When New Jersey voters went to the polls last week they brought good news for those candidates — including Democratic Gov.-elect Phil Murphy — whose campaigns were backed by Planned Parenthood and other women’s healthcare advocates.
And if all goes as planned, the election results will also benefit the hundreds of thousands of women and their families who depend on free and low-cost clinics for cancer screenings, birth control, and other healthcare services.
In fact, advocates and one key legislative leader are looking to the incoming Democratic administration to work with them to provide an unprecedented influx of funding — as much as $15 million — over the next year or so to support certain women’s healthcare providers.
Supporters have said the dollars are desperately needed since Republican Gov. Chris Christie suspended in 2011 what had become an annual state appropriation of nearly $7.5 million to support Planned Parenthood and other women’s healthcare providers.
Murphy has prioritized the reinstatement of public funding for these clinics and highlighted the issue during histo defeat Lt. Gov. Kim Guadagno, a Republican who said she supported women’s healthcare in general, but would not have allocated state dollars for this purpose.
A poll conducted in June by the Rutgers Eagleton Institute of Politics and the New Jersey Health Care Quality Institute found that more thansurveyed supported the use of state and federal funds for such care.
While Murphy campaign staff declined yesterday to provide details on the specific timing of restoring the funding, the governor-elect has made clear the issue is high on his list. "We'll find the money — period," Murphy said at a meeting in June with Planned Parenthood representatives and other health advocates.
Democrats in the state Legislature are alsothe budget line and Senate President Steve Sweeney (D-Gloucester) has said it will be among his caucus’ early goals after Murphy takes office in January. Democratic lawmakers passed a supplemental appropriation to restore the funding each time Christie omitted it from the budget, but the governor vetoed these attempts.
Senate Majority Leader Loretta Weinberg (D-Bergen) who hasto provide this funding, said yesterday she would introduce a supplemental appropriation early next year requesting $7.5 million for this work from the current budget, which lasts through June 2018. She will also advocate for the Murphy administration to include another $7.5 million in his first state budget, which takes effect in July 2018. If both are approved, it would represent a historic level of funding for these programs.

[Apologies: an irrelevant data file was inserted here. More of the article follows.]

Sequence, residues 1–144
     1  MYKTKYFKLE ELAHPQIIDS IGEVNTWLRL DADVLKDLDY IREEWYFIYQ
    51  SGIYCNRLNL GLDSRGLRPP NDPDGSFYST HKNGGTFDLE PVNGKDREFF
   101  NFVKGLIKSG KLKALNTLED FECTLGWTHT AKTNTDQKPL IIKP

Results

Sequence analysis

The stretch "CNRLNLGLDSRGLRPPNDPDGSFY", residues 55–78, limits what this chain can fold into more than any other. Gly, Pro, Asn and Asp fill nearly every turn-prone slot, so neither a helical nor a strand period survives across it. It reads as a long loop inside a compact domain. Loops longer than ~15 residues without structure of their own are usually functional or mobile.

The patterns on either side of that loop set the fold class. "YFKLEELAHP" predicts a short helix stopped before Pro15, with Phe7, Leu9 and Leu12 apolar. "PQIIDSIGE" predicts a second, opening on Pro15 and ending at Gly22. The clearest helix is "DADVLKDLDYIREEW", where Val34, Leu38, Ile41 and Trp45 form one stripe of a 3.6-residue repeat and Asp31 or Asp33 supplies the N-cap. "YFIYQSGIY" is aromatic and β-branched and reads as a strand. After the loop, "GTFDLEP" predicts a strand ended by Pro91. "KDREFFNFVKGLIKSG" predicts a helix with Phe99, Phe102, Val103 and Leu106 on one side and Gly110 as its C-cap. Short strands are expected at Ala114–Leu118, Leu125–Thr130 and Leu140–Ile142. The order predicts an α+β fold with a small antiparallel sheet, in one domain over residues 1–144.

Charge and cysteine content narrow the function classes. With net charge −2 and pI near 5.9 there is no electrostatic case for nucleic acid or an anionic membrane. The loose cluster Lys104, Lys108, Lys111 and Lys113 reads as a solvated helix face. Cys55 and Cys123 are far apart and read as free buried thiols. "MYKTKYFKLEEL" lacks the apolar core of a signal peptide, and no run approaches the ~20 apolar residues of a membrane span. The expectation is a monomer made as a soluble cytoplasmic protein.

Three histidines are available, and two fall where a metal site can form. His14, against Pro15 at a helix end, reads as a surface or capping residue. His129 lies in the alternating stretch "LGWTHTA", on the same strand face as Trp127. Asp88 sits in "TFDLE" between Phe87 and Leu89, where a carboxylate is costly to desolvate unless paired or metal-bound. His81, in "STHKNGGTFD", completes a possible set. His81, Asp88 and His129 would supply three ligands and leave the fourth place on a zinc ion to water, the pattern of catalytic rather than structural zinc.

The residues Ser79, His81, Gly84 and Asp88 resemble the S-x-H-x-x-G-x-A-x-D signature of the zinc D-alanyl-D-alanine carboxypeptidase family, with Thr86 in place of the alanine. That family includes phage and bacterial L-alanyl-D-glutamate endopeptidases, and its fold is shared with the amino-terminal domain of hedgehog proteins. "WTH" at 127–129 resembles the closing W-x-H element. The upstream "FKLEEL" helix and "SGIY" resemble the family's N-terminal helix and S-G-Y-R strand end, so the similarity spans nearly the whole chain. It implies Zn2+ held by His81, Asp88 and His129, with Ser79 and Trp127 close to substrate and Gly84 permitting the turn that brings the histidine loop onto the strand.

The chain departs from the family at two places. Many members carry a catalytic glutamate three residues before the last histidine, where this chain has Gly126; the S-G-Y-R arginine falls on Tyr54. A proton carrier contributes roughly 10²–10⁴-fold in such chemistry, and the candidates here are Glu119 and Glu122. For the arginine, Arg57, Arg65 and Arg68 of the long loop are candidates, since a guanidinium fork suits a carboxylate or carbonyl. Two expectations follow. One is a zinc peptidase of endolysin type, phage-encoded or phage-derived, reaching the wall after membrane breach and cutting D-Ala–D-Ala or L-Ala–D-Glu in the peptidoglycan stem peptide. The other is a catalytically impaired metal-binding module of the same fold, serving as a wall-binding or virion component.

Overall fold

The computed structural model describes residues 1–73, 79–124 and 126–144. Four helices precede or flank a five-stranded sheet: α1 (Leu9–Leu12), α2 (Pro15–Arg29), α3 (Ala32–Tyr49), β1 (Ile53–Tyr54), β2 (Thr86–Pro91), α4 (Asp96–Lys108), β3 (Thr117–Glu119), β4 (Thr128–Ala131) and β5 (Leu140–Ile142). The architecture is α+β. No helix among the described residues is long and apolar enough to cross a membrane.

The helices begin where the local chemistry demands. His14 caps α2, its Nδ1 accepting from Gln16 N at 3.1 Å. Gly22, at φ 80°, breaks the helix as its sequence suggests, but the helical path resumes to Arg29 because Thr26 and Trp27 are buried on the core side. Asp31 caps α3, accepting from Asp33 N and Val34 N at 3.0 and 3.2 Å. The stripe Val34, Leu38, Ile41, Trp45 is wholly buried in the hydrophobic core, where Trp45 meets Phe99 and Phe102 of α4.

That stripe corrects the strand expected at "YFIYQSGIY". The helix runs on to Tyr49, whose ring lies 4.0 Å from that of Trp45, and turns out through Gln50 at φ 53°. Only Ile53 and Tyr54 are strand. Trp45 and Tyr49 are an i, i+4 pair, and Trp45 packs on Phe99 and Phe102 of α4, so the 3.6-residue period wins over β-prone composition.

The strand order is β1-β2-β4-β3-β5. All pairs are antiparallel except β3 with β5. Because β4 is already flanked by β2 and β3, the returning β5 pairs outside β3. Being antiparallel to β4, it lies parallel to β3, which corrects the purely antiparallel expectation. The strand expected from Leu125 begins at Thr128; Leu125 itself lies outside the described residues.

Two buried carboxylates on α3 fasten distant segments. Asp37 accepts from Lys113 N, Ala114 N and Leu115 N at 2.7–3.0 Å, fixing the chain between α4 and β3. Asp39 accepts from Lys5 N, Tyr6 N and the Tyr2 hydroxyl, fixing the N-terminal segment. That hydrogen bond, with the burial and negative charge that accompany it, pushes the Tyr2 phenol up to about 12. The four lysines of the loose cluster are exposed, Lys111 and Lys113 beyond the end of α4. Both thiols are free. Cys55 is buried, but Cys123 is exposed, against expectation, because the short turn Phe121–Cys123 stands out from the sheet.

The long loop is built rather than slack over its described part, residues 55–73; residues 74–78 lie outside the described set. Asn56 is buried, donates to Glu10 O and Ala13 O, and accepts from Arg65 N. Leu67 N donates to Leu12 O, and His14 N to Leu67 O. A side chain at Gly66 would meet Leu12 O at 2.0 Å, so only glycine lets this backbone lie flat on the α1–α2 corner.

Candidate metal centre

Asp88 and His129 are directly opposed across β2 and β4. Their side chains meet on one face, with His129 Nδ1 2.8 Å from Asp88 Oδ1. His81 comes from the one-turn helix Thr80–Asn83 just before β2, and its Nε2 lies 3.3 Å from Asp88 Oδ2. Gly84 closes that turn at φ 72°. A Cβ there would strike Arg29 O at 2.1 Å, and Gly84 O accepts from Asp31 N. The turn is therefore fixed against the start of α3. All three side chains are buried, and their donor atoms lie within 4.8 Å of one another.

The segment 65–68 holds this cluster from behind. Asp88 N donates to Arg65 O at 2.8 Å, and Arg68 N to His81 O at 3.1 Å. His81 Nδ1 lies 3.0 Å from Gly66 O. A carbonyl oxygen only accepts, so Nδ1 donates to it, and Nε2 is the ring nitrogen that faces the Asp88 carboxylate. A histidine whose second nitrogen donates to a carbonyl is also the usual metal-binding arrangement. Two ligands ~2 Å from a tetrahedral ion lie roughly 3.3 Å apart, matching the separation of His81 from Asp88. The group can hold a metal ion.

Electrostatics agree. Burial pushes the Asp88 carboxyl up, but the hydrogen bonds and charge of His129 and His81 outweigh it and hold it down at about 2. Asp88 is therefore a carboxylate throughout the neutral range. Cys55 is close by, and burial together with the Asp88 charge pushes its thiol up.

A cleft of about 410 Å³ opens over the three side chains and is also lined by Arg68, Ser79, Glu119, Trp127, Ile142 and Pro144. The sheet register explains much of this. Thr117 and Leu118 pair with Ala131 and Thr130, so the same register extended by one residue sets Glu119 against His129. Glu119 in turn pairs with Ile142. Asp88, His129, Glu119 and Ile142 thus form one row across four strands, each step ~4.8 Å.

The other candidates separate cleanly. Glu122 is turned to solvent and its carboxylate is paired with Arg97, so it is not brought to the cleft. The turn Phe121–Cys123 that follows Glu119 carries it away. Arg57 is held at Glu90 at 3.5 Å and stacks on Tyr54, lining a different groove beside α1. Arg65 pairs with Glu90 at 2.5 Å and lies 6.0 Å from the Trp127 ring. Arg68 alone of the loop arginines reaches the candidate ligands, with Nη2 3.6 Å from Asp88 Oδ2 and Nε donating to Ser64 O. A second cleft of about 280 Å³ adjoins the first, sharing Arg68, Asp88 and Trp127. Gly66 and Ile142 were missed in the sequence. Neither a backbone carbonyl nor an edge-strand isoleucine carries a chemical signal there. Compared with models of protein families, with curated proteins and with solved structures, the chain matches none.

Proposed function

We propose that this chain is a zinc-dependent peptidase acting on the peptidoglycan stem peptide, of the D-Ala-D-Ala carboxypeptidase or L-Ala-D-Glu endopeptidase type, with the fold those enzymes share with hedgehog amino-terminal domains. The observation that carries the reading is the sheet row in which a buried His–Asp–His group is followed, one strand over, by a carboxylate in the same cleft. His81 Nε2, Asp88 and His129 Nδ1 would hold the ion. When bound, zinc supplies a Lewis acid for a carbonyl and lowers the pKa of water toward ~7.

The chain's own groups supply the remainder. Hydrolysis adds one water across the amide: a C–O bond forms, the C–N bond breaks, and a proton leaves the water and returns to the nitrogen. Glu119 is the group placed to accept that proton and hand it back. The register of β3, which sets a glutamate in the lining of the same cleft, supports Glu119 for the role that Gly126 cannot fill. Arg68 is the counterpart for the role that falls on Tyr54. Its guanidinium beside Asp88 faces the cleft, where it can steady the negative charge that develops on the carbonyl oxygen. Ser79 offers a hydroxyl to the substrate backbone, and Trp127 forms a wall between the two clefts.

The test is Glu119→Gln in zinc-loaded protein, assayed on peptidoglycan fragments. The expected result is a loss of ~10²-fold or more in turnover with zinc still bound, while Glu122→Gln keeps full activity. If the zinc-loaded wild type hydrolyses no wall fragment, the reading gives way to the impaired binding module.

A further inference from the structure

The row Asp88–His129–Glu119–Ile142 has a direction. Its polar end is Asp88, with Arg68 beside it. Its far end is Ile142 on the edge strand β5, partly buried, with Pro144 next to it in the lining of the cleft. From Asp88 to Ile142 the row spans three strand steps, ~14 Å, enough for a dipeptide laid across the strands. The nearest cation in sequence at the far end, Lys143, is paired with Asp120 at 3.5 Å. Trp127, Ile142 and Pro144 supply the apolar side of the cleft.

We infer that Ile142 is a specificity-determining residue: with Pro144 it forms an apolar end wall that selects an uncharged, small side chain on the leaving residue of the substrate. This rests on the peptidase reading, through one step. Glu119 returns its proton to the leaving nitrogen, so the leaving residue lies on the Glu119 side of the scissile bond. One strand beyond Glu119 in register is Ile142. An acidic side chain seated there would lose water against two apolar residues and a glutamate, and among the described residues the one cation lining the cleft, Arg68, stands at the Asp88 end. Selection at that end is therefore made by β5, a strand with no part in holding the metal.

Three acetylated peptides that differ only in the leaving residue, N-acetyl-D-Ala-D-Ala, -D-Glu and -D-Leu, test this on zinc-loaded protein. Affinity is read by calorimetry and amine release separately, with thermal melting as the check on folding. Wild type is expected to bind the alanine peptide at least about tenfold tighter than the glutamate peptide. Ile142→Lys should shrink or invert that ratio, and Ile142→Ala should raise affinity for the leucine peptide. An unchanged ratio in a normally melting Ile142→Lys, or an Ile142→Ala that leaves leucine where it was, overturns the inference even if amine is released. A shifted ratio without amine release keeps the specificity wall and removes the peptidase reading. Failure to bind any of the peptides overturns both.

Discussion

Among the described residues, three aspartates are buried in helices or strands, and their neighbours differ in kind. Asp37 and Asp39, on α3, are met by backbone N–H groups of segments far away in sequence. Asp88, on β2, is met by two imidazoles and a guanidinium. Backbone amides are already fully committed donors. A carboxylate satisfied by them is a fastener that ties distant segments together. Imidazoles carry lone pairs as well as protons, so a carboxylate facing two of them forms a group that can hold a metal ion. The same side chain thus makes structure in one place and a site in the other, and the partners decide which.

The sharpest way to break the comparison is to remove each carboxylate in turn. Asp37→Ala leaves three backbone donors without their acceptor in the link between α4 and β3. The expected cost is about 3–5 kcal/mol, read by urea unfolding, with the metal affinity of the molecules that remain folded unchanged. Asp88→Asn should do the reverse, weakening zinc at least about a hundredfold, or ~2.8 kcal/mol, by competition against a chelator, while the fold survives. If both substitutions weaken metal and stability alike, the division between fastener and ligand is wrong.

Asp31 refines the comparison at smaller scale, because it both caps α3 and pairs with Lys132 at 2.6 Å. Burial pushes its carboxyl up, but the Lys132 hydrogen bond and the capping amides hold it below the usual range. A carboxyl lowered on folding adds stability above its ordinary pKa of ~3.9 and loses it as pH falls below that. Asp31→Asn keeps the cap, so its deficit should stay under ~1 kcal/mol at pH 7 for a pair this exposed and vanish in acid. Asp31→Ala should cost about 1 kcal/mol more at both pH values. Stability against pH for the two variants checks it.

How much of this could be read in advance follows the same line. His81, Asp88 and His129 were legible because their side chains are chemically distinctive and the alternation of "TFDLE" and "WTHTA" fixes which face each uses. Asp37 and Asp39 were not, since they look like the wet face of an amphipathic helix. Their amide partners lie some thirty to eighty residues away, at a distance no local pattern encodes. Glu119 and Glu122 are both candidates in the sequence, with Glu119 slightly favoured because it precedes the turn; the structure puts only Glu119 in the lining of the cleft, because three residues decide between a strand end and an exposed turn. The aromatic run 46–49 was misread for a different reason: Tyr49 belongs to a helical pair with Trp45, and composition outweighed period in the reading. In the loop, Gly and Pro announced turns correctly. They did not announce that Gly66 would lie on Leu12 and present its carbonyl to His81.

“Women’s health funding has been decimated under this administration, resulting in a decline in services and the closure of family planning centers in the state,” Weinberg said. “It is critical that we restore funding so that women have access to the vital services they need, including life-saving cancer screenings, birth control, sexually transmitted infection testing and treatment, and more.”
Weinberg and other advocates note that, over time, thehas compounded to reach a $45 million loss for Planned Parenthood and other providers, which together operate some 58 facilities statewide. Since 2011, six clinics have been forced to shut down because of the loss of state dollars, advocates said.
Christie has framed his decision as both economic and ideological, given his opposition to abortion. Both he and state health officials have, insisting that patients have obtained care at other low-cost facilities, including dozens of Federally Qualified Health Centers that provide women’s healthcare services. (Federal law prohibits public funding from paying for abortions, but this money can be used for other care.)
While healthcare issues, in general, did not occupy much bandwidth during this fall’s general election, Planned Parenthood and other advocates worked hard to keep funding for women’s care on the agenda. According to the Planned Parenthood Action Fund —the organization’s political arm — the groupviewers through social media ads, emailed over 1 million supporters, and placed more than 4,800 calls to Garden State voters.
The text in onecreated by the group speaks of “eight long years of an anti-women’s health administration.” The message begins over a black and white picture of Christie and Guadagno, and then morphs into a brightly colored campaign shot, with Planned Parenthood volunteers in pink tops. “Planned Parenthood support was a key issue for New Jersey voters,” the text continues.
Planned Parenthood also invested directly in the elections, in which Democrats picked up several new seats in the state Senate and Assembly. The group spent at least $22,000 to support Murphy and other candidates and more than $120,000 on advertising, campaign supplies, phone banks, and food and other supports for volunteers, according to reports filed with the state’s Election Law Enforcement Commission.
The strategy appears to have paid off. Three out of four Planned Parenthood-endorsed candidates won last Tuesday in dozens of districts stretching across the Garden State. In several of the tightest races — like the 11th and 16th districts — winning candidates campaigned heavily on women’s healthcare messages, the group said.
“New Jersey should be a leader when it comes to reproductive health,” said Christine Sadovy, the action fund’s political and legislative director. “Our supporters will continue to take action in 2018 and beyond to make women’s rights and health a priority.”